Thanksgiving for One, Two and Across the Miles

Ah the holidays. They're the best for a lot of reasons: family, celebration, great food, gifts, decorations, light heartedness, and an excuse to have endless amounts of fun. However, the holidays can be a bit of a pain. They're expensive, sometimes complicated, and some people don't like their families, or can't be with them during the holidays. No matter what gravy boat you seem to find yourself in, this is a little tutorial guide as to how you can celebrate Thanksgiving all by yourself, with one special someone, or when you're far away from your family.

-Utilize allrecipe's serving size function.

(allrecipes)

This allows you to adjust recipes to fit the serving size you want! It's such a pain to follow and shop for a recipe that will make enough to feed a small village, when you really only need enough for yourself.

-Surf the internet for perfect recipes that fit your taste (and budget).

Make sure you cover all your bases from Pinterest to Buzzfeed for fun ideas for recipes from turkey, stuffing, desserts to drinks. Personalizing your dinner will be key to making cooking worth it.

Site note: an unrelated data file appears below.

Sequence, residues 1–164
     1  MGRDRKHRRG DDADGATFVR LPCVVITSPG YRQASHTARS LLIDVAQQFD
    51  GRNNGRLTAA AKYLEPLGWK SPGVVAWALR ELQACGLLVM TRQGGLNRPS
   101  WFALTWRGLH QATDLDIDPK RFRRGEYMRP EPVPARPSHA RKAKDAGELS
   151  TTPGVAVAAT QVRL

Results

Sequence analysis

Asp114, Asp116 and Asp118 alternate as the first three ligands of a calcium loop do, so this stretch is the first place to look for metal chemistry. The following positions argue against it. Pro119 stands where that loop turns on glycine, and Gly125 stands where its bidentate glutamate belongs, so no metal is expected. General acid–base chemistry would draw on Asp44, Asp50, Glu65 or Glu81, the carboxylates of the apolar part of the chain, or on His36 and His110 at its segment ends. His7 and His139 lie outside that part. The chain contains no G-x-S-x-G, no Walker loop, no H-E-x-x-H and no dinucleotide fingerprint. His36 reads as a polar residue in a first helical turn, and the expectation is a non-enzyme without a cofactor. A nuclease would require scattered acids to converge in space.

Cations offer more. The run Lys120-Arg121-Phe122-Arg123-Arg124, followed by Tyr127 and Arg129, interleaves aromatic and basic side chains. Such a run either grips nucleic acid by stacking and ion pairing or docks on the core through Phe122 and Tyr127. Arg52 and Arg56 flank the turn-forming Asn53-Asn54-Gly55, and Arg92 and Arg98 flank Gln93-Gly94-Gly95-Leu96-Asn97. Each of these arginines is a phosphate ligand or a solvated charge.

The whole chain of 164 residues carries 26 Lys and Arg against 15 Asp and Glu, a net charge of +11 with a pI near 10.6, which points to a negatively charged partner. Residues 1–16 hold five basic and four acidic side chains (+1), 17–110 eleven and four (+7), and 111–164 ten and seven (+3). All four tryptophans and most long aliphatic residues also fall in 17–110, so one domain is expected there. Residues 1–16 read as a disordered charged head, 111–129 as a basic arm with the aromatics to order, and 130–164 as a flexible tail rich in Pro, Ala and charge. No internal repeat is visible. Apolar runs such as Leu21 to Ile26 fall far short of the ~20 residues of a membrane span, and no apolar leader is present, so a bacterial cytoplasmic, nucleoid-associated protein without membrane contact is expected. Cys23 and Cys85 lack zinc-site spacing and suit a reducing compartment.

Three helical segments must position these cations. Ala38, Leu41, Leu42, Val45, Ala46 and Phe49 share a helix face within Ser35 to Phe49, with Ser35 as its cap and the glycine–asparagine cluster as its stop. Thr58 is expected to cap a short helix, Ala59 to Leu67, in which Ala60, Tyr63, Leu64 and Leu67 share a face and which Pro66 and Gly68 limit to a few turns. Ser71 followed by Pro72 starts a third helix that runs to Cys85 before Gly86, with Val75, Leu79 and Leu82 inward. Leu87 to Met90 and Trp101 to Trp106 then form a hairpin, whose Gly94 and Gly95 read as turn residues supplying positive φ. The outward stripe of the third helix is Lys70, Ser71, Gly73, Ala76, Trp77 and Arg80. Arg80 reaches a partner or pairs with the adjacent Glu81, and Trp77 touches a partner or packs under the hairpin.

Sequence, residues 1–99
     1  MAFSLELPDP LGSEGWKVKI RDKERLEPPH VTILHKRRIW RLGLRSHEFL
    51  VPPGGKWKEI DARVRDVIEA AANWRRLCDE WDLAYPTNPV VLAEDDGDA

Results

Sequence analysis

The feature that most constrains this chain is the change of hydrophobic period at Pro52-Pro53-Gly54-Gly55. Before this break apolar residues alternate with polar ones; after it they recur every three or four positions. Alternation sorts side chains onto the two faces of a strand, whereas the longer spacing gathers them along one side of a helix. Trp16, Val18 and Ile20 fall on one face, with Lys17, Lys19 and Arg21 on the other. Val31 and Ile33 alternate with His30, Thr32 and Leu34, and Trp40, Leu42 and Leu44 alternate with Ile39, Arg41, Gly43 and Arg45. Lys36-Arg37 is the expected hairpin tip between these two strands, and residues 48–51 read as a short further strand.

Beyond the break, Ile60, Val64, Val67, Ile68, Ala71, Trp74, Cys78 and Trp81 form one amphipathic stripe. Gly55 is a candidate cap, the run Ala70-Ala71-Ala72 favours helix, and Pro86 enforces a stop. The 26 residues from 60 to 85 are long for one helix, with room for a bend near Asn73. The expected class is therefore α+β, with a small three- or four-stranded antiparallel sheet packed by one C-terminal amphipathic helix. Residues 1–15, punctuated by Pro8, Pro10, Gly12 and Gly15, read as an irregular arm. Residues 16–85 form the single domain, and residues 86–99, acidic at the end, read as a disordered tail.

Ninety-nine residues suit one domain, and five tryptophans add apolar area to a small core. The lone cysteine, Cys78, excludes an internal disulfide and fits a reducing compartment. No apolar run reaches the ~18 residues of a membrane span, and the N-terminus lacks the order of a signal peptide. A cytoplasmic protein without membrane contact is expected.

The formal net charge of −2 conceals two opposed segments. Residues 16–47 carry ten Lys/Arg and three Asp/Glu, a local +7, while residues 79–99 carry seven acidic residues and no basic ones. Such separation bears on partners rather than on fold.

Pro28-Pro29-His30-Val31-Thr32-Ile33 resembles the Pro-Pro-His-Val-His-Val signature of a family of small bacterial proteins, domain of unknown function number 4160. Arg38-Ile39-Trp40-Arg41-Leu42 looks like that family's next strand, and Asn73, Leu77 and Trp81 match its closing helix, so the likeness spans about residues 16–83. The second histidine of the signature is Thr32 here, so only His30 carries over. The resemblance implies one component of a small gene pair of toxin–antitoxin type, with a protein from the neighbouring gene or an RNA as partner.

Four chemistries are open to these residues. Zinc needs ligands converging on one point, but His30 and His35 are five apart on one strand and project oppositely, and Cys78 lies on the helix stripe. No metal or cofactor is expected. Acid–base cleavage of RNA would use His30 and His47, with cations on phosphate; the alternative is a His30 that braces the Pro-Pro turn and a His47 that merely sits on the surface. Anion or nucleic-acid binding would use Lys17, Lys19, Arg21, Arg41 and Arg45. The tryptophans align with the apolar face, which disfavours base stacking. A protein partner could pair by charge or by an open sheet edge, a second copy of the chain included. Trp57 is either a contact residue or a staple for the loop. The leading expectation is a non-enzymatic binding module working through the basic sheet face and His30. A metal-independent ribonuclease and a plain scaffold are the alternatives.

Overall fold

-Just buy it.

Seriously. Just buy the food at your local grocery store or restaurant. If you're doing dinner for one or two, don't sweat the details too much. Buy a dinner that you know you will enjoy gorging yourself with. A rotisserie chicken from the grocery store and some instant mashed potatoes, and a premade pie from the bakery. Boom!

-Share and swap traditions and recipes

If you and your SO or best friend or roommate are spending the holiday just the two of you; or you're traveling and will be away from your family, trade recipes and traditions. This will allow for a touch of familiarity at your little dinner and make you and your dining partner feel at home.

-Make lists

Lists are incredibly important. List everything out to make life easier. Start with a menu. What do you want at your dinner? (Turkey, stuffing, mashed potatoes, cranberry sauce, salad, vegetables, pie, etc.) When you're done making that list, consult (parents, dining partner, the internet) for which items to scrap, improve, or hack for an easier and yummier dinner. Make a shopping list! Grocery stores are absolute hell holes the last two weeks of November. Please be careful and plan accordingly. Finally, make a list of how you want the day to play out in order to keep yourself on schedule.

-Keep it simple.

Keep everything as simple as possible. Last year I had my first Thanksgiving on my own. My fiancé and I had just started living together and we were across the country from both of our families. We kept the budget at $50 and dishes to a minimum (both food and clean up wise). Make things disposable. The clean up was super easy because all we had to do was throw stuff out--much easier to clean up on a full stomach when all the clean up is is garbage!

-Take lots of photos

Document the day to share with the family and friends you won't get to see this year.

Have a Happy Thanksgiving!